Cutting the Cake the Wrong Way
Summary: The Presentation Manager, X Windows and other GUIs have cut applications in half the wrong way, making it impossible to seriously try new ways of working without giving up all the programs we like. Chris Wenham explains what the mistake was, and how to fix it.
For the past 20 years, WIMP (Windows, Icons, Menus and Pointers) has been the dominant user interface ever since the mouse became ubiquitous and Super VGA got cheap. If only you knew how awful WIMP really is. Ingenious for its time, WIMP should have been a teaching experiment rather than a production philosophy, now we're still paying for it in under realized power and crippled productivity (how often do you futz with something as trivial as a window size or position?). WIMP has gotta go, but the job of replacing it has been made impossibly difficult because of the way programs and GUIs have been written. The big stupid mistake was in creating a large, complex, but essentially dumb terminal called the "Windowing environment" that forced application developers to still design most of the interface themselves.
In OS/2 you use a windowing environment called Presentation Manager (or 'PM' for short) that's bonded with the application in that both must be running on the same machine. Also available in OS/2, but more prominently in Unix is X Windows; essentially the same but which took the "dumb terminal" idea even more seriously - the application doesn't need to be running on the same computer as the GUI. In both cases, Presentation Manager and X Windows aren't much different from the VT220 terminal you use to login to a mainframe or remote computer. All that either do is interpret instructions that explicitly tell them where to put this piece of text, where to put that button, where to put this menu, and so-on. The GUIs can simply display prettier windows and fancier controls than a VT220 terminal can.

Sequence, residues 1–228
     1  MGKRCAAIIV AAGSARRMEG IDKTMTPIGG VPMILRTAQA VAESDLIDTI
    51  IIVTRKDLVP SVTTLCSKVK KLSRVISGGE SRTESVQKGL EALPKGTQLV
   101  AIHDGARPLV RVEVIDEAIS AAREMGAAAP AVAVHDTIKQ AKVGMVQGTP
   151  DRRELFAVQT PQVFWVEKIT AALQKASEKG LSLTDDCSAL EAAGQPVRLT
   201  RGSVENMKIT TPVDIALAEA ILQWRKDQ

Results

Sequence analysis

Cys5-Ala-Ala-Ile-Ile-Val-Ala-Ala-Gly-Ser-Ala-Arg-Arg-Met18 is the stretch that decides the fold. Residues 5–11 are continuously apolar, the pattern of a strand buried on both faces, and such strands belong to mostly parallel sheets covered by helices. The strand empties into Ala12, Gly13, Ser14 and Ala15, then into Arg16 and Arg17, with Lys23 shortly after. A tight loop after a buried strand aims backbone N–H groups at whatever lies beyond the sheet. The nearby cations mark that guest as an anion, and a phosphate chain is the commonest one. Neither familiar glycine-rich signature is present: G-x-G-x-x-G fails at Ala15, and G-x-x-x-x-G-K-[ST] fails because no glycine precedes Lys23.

This "dumb terminal" design philosophy cuts programs in half the wrong way. First it assumes that the interface can be entirely separate from the program, but that's wrong. Take a word processor for example. It's almost entirely interface, merely providing a convenient way of arranging characters in a linear stream. Bold and italics are part of the presentation, so all the word processor's "guts" have to do is put an invisible marker in the document that says "emphasis starts here and ends there". Is that the way it really works? No, the GUI is endlessly sending messages to the word processor to say "the user just pressed C, the user just pressed H, the user just pressed R" and so-on. The word processor in turn is endlessly sending more messages back that instruct the GUI to "draw the letter C at this pixel location in heavy type, draw the letter H at this pixel location in heavy type, draw the letter R at this pixel location in heavy type". If the word processor and the GUI were separated by a network, as it can be with X Windows and a number of "remote control" programs, then the network will get flooded with useless traffic.
Are you beginning to see how brain-dead this arrangement is?
But there's more. Since the GUI is quite stupid, the program has to explicitly describe how the presentation is supposed to look. The programmer (and the network) has to concern herself with instructions to "put a button at this pixel location and insert the word 'OK' in it, put a button at this location and insert the word 'Cancel' in it". If this arrangement isn't aesthetically pleasing or especially ergonomic to the user -- that's tough. Some programs try to make their interfaces configurable, but what do you get? You get to add or subtract buttons to a toolbar you still don't like, or you get to move that toolbar to the top or bottom of the screen. Big deal. And the vast majority of programs don't even do that, nor can you be sure that two programs will handle that kind of customization the same way. One wants you to drag tool palettes around with the mouse button (Communicator), another wants you to click on radio buttons in a dialog box (Embellish).
And poor you if the programmer puts in no configuration options and has a lousy sense of ergonomics.